Category Archives: Weather Dangers
Both a mist and a fog are water droplets suspended in the atmosphere in the vicinity the earth’s surface that affect visibility.
They both differ from a cloud only in that the base of a fog or a mist is at the earth’s surface, while a cloud’s is above the surface.
The difference between a mist and a fog is associated with the atmospheric visibility. A fog and a mist are both composed of microscopic water droplets or wet hygroscopic particles suspended in the air. Particles cause light to be refracted and reflected in many directions, reducing visibility. Continue reading
Atmospheric rivers are relatively narrow regions in the atmosphere — typically 250 to 375 miles wide and well over 1,000 miles long.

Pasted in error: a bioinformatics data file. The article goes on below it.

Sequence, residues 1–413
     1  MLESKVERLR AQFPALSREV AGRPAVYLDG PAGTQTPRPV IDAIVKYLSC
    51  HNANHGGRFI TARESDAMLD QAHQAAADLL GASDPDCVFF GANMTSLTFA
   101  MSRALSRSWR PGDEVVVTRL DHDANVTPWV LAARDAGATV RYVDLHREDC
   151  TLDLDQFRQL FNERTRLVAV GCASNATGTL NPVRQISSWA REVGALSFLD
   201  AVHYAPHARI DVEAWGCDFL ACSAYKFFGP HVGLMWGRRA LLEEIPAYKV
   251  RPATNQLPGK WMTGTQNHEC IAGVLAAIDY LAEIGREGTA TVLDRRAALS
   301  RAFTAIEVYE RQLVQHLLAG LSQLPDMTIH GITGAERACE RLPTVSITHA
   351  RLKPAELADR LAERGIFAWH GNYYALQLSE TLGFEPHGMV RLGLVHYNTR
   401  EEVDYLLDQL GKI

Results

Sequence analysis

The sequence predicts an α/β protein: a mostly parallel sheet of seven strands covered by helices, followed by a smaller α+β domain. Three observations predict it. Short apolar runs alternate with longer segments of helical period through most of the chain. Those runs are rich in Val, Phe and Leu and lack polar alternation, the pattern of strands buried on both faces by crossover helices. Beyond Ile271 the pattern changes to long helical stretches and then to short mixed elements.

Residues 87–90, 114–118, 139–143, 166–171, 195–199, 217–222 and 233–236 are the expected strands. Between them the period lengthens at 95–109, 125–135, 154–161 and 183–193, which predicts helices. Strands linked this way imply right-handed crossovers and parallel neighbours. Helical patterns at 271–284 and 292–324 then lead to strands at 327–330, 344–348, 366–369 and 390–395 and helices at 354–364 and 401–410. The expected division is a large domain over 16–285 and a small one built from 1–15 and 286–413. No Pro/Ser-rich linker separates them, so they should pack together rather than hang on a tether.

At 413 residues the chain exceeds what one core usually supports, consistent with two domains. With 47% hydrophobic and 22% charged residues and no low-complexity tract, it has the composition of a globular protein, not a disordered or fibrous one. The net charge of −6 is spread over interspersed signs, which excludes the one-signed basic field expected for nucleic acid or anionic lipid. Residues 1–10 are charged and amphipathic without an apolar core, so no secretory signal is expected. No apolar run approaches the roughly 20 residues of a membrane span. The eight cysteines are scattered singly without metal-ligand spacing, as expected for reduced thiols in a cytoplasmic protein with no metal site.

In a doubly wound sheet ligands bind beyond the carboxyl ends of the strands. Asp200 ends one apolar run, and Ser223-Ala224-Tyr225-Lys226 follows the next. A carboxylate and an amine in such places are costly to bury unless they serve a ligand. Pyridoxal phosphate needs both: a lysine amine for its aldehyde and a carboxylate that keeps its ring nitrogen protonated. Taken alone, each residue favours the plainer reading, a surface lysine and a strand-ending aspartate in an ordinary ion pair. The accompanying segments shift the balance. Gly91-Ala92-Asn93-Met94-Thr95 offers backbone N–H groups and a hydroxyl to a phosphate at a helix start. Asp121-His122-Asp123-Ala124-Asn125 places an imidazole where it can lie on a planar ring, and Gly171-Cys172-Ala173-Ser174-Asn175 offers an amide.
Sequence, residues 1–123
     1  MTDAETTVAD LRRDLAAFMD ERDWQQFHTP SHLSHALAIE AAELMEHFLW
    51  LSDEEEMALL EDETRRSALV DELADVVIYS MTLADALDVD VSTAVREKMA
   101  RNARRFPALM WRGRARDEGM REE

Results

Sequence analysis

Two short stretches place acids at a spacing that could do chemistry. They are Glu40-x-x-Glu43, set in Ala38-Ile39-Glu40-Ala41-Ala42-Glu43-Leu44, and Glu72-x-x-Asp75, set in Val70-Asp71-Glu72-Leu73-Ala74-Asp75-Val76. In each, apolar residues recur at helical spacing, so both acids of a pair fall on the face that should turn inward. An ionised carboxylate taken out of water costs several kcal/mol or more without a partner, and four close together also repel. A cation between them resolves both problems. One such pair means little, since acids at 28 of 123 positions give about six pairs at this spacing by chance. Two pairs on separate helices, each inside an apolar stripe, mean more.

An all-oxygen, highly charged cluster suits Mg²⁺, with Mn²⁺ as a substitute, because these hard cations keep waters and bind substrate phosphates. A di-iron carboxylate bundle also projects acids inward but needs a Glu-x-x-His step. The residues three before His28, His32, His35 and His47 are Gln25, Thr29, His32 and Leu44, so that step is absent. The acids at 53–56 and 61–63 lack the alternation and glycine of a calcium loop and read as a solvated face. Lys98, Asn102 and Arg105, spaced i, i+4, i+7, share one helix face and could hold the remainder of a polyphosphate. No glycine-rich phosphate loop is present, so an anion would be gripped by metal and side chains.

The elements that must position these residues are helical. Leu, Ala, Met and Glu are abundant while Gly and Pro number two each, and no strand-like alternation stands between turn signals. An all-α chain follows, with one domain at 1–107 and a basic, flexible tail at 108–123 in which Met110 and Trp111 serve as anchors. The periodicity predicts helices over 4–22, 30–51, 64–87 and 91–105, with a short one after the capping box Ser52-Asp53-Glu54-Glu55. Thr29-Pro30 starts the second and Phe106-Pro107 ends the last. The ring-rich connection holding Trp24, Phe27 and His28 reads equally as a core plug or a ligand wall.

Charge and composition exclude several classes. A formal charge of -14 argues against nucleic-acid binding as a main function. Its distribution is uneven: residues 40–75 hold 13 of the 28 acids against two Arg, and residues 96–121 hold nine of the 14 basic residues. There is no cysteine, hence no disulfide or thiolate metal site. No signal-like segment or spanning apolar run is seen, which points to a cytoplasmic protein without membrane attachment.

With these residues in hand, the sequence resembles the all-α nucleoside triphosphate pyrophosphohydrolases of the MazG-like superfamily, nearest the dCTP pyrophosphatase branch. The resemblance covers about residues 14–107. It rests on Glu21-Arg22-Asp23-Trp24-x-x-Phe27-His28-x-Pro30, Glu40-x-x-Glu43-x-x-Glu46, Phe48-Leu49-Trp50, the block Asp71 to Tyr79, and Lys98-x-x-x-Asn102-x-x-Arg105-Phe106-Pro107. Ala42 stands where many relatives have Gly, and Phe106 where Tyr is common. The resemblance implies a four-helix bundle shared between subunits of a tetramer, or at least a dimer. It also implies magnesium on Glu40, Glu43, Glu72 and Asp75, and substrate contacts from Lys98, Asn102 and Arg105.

These sky rivers transport water vapor outside of the tropics to mid-latitude and polar regions. We estimate that 90% of Earth’s north to south water vapor transport is done through atmospheric rivers. Continue reading
The National Weather Service is always looking for trained volunteers to provide severe weather reports, including reports of tornadoes.
Its spotter training sessions are free and last between 90 minutes and two hours. Trained volunteers receive certificates and are added to the National Oceanic Atmospheric Administration, or NOAA, database of weather spotters. They also receive a Spotter ID. A virtual training option is also available. Continue reading
This winter has already delivered some notable disasters, and it is important to carefully consider the anatomy of such high impact weather events in order to, as accurately as possible, understand to what degree an event is attributable to the … Continue reading